Fearing protests, Beijing imposes a lockdown on Tibet
Chinese authorities ban foreign travellers from the autonomous region between 25 February to 30 March, a period Tibetans use to mark past popular uprising against Maoist forces, the Dalai Lama’s flight, and the protests against the Beijing Olympics. Restrictions are also imposed on local residents who cannot travel beyond ten kilometres from their place of residence.
Lhasa (AsiaNews) – Chinese authorities announced that all foreign travellers will be banned from the Tibet Autonomous Region and travel by local residents will be restricted at the end of this month and for the whole month of March because of upcoming anniversaries of past anti-Communist unrest, like the March 2008 incidents that rocked the plateau in the run-up to the Beijing Olympics.
Provincial authorities issued a notice to all major cities and counties that all foreign visitors must leave the region by 25 February, and that the province will be closed until 30 March.
Local residents have also been informed that they cannot travel more than ten kilometres from their place of residence, and that they would be punished if they failed to respect the restriction.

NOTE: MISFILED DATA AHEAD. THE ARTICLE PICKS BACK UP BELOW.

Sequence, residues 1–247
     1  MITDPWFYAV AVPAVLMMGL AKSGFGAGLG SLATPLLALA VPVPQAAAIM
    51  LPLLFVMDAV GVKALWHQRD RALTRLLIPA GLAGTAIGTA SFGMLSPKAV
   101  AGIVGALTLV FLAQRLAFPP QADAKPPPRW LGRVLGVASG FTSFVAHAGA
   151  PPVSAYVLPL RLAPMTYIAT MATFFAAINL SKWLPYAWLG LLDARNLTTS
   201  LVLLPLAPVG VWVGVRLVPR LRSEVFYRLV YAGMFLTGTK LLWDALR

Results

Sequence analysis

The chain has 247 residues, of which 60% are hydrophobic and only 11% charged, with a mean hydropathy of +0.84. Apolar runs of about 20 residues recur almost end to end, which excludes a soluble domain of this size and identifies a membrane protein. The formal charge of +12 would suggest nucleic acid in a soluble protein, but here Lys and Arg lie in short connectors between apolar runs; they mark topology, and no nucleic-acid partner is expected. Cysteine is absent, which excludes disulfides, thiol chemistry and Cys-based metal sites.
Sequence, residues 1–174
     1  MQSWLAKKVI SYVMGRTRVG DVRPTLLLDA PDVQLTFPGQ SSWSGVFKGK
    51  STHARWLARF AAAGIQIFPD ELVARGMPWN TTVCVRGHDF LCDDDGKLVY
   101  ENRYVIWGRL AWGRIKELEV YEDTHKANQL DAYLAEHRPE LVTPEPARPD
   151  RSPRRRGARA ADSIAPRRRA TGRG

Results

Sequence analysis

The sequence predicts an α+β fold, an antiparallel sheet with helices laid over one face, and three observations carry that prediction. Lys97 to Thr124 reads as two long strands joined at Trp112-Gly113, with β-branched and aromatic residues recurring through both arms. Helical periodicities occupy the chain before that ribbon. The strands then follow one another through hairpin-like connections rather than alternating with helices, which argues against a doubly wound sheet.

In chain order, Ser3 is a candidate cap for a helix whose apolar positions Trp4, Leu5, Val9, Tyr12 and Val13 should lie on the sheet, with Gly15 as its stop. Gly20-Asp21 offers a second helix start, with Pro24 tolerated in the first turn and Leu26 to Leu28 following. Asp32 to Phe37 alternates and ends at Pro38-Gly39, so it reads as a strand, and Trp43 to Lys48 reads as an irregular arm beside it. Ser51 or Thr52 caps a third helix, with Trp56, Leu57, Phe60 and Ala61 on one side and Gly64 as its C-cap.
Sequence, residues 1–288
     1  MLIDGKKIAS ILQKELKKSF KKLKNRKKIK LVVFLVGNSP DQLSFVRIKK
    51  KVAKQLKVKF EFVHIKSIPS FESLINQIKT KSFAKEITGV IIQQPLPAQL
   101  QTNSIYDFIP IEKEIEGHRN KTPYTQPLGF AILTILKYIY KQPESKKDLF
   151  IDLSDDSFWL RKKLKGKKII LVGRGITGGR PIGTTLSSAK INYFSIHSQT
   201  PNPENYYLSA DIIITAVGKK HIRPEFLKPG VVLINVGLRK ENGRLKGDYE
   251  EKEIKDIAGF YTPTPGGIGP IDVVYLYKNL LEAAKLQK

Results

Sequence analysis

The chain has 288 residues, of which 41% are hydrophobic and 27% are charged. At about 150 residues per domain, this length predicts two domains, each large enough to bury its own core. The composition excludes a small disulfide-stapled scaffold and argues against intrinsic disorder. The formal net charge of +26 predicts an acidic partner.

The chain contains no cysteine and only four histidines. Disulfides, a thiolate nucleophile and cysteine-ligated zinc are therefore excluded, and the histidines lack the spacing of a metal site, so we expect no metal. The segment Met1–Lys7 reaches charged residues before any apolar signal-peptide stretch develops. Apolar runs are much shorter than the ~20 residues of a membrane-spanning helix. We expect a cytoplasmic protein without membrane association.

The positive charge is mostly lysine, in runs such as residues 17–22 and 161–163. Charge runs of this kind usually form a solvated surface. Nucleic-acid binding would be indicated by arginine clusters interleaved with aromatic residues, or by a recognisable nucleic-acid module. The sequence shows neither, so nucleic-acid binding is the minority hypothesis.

Travel agencies expect that the first week of April might be the likely date for the reopening of the region for tourism.
The first significant anniversary remembered in this period goes back to 1959 when an armed uprising, which had begun in eastern Tibet in 1957, spread to the rest of the country, including the capital Lhasa. Following the invasion by the People’s Liberation Army, the Dalai Lama fled Lhasa’s Norbulingka Palace, on 17 March 1959, disguised as a soldier. After finding refuge in India, he set up a Tibetan government-in-exile.
Some 30 years later, unrest broke out in March 1988 and then again in March 1989, when hundreds of people took to the streets to mark the anniversary of the 1959 invasion. The then local Party Secretary, Hu Jintao, who later became president of the People's Republic of China, used an iron fist to clamp down on the protest. A few months later, he sent China’s paramount leader Deng Xiaoping a telegram congratulating him for the Tiananmen Square crackdown.
The last time the region saw unrest was in 2008 when Beijing hosted the Olympic Games. For the first time in two decades, Lhasa monasteries opened their doors that year to commemorate the 49th anniversary of the failed uprising against China’s occupation.
Between 300 and 400 monks walked out of two of the largest monasteries near the Tibetan capital, and marched in procession, calling for the release of detained religious and lay people and the return of the Dalai Lama to his homeland.
As expected, Chinese authorities reacted with violence: hundreds were arrested and an unknown number of people were killed.